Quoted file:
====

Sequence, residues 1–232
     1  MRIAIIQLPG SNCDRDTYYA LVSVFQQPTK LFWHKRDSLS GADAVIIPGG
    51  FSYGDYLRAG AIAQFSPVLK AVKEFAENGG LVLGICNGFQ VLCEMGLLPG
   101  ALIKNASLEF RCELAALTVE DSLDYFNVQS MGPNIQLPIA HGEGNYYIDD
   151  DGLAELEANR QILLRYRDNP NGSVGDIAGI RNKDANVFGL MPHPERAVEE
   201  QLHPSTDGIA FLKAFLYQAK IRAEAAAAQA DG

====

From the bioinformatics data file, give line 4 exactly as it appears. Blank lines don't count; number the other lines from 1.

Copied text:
   101  ALIKNASLEF RCELAALTVE DSLDYFNVQS MGPNIQLPIA HGEGNYYIDD